This study is ineligible for review because it is not a study of the program or service under review (Study Eligibility Criterion 4.1.6).

Study 14229

Fox, R. A., Mattek, R., & Gresl, B. (2013). Evaluation of a university-community partnership to provide home-based, mental health services for children from families living in poverty. Community Mental Health Journal, 49, 599-610. https://doi.org/10.1007/s10597-012-9545-7

This study is ineligible for review because it is not a study of the program or service under review (Study Eligibility Criterion 4.1.6).

Study 14230

Gresl, B. L., Fox, R. A., & Fleischmann, A. (2014). Home-based parent-child therapy in low-income African American, Caucasian, and Latino families: A comparative examination of treatment outcomes. Child & Family Behavior Therapy, 36(1), 33-50. https://doi.org/10.1080/07317107.2014.878193

This study is ineligible for review because it is not a study of the program or service under review (Study Eligibility Criterion 4.1.6).

Study 14231

Fung, M., P., Fox, R. A., & Harris, S. E. (2014). Treatment outcomes for at-risk young children with behavior problems: Toward a new definition of success. Journal of Social Service Research, 40(5), 623-641. https://doi.org/10.1080/01488376.2014.915283

This study is ineligible for review because it is not a study of the program or service under review (Study Eligibility Criterion 4.1.6).

Study 14232

Fung, M. P., & Fox, R. A. (2014). The culturally-adapted Early Pathways program for young Latino children in poverty: A randomized controlled trial. Journal of Latina/o Psychology, 2(3), 131-145. https://doi.org/10.1037/lat0000019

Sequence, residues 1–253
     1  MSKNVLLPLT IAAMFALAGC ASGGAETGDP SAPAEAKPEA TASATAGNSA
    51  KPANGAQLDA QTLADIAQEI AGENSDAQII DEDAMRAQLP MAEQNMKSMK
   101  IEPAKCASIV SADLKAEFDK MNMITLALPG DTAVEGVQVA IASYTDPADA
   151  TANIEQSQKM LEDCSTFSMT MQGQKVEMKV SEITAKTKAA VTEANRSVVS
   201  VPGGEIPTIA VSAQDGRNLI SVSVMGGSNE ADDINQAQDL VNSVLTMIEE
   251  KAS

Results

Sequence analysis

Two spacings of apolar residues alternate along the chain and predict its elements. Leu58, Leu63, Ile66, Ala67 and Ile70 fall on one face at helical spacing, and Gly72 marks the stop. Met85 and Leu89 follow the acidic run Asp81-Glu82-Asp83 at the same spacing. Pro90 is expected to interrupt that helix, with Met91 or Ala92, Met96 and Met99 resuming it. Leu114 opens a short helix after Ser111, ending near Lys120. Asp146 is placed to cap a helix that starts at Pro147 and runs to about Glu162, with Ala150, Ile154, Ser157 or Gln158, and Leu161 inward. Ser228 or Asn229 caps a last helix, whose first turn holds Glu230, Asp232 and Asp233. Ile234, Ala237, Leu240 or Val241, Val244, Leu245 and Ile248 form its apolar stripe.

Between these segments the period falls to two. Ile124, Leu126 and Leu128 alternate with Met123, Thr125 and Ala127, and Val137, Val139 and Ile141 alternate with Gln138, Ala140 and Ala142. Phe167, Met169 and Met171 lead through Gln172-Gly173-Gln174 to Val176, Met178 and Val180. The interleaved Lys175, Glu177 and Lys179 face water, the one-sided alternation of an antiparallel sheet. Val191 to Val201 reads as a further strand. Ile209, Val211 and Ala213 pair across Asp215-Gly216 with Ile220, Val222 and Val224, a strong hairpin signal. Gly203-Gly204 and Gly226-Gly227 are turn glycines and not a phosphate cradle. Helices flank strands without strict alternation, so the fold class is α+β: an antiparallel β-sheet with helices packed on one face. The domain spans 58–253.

This study is ineligible for review because it is not a study of the program or service under review (Study Eligibility Criterion 4.1.6).

Study 14233

Harris, S. E., Fox, R. A., & Love, J. R. (2015). Early Pathways therapy for young children in poverty: A randomized controlled trial. Counseling Outcome Research and Evaluation, 6(1), 3-17. https://doi.org/10.1177/2150137815573628

This study is ineligible for review because it is not a study of the program or service under review (Study Eligibility Criterion 4.1.6).

Study 14235

Solís-Cámara R, P., Fox, R. A., & Nicholson, B. C. (2000). Parenting young children: Comparison of a psychoeducational program in Mexico and the United States. Early Child Development and Care, 163(1), 115-124. https://doi.org/10.1080/0300443001630108

This study is ineligible for review because it is not a study of the program or service under review (Study Eligibility Criterion 4.1.6).

Study 14236

McHugh, E., & Starke, M. (2019). Investigating feasibility and fidelity of the Parenting Young Children program in Sweden. Evaluation and Program Planning, 80, Article 101702. https://doi.org/10.1016/j.evalprogplan.2019.101702

This study is ineligible for review because it does not use an eligible study design (Study Eligibility Criterion 4.1.4).